Obituary published in: The Scotsman, Friday 5th June 2009
Landowner who served the community
Born: 28 July, 1919, in Woking, Surrey.
Died: 21 May, 2009, in Markinch, Fife, aged 89.
John Balfour was 20 when war was declared in 1939, having spent a year at Trinity College, Cambridge.
His next five years were spent in the 4th (Durham) Survey Regiment Royal Artillery in active service in the North African Campaign (he was awarded the Military Cross at El Alamein) and then in the Normandy Campaign where he landed on D-Day plus one. He reached the rank of major.
After the war, he returned to Balbirnie and following a period of illness with rheumatic fever he finished his degree at Cambridge in 1948. The rest of his life was centred on Balbirnie Estate, his family and his service to the community.
Post-war Britain gave farming new opportunities with support for investment in land improvement. John Balfour married Jean Drew in 1950 and together they developed Balbirnie Home Farms, making improvements to the estate, housing and to the woodlands.
At the same time, John helped set up Markinch Motors. In 1951, with the addition of Andy and Jimmy Bowen and Jean as directors, this became A & J Bowen and Co. Ltd. John was the chairman. The company prospered through the years of agricultural expansion and the development of new technology.
The family also ran a small sandpit which did well in the Fifties and Sixties when house building boomed. With a growing family (Robert, Alan and David), John and Jean moved after seven years at Newtonhall House to Balbirnie House which they shared with his mother Lady Ruth Balfour.
In 1968, after her death, the house and about 700 acres of the estate was acquired by the Glenrothes Development Corporation, necessitating a huge change for the family and the reconstruction of both residence and farming. The family had lived in Balbirnie House since 1642.
A new farm steading an expanded dairy and beef enterprise and a new, much smaller house were created. Throughout the rest of his life, John gave much of his time to Voluntary work particularly to young people. He became an Elder of Kennoway Old from 1957-1960 and then at Markinch Parish Church from 1960 till his death, where the senior Elder and for many years kept the Roll.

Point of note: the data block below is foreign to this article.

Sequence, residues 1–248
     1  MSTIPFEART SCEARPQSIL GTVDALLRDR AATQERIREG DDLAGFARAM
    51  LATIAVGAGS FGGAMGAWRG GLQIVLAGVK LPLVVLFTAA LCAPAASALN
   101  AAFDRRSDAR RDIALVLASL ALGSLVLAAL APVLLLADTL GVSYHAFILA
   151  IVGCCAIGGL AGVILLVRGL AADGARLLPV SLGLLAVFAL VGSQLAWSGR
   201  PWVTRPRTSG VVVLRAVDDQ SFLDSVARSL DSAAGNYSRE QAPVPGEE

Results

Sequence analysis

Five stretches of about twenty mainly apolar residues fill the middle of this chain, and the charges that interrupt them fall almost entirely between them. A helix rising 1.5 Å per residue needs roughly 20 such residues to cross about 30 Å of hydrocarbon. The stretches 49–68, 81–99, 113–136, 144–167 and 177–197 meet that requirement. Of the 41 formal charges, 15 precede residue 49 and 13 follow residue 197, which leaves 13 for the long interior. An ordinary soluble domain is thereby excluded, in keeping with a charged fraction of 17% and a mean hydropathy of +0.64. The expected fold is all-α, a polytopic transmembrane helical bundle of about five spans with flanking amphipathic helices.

In 1959, he became vice chairman and then a year later chairman of what is now known as Youth 1st (previously Fife Union of Mixed Clubs and Girls Clubs and then Youth Clubs Fife). He continued in the chair till 1980 and was made the first honorary president till 2007.
When he retired as chairman of the then Fife Union, there were 93 affiliated clubs compared with 30, tow decades years before. In 1960, he became a member of the executive committee of the Scottish Association, now Youth Scotland. He went on to become vice chairman 1962-68 and then chairman 1968-79.
From 1979-94 he was president of the association. During his time with SAYC, he represented them on the Scottish Standing Conference of Voluntary Youth Organisation and the European Confederation of Youth Clubs. Of particular importance was his chairmanship of the training committee of the Standing Consultative Council for Youth and Community Service.
In 1973, John became a member of the newly formed Scottish Council for Alcohol and chairman of the Fife Alcohol Advisory Council from 1977-2002. This organisation broke new ground by setting up counselling and support for those with alcohol problems.
John’s endeavours helped achieve funding from central government. He was a member of the Inter-departmental committee on Children and Young Persons (Scotland) 1961-64 (Kilbrandon). This committee made far reaching recommendations by taking children out of the courts and dealing with them in the context of their families through Children’s Hearings.
These recommendations were quickly accepted by government and John became the first chairman of the Fife Children’s Panel following previous experience on the Juvenile Court. He was awarded the OBE for his work with young people.
He became chairman of the Fife Health Board from 1983-87 during which time he also served on the Whitley Committee dealing with salaries. After the Health Board he became a trustee of the Aids Trust and in that capacity he attended the funeral of the late Princess Diana in Westminster Abbey.
He was a deputy lieutenant from 1958 and vice lieutenant 1988-96. He served as a local director on the Royal Highland Agricultural Society 1964-67. Throughout a long life of service many of those who worked with him have referred to his wisdom in leadership, his personal integrity and his willingness to listen. He is survived by his wife, Jean, three sons and ten grandchildren.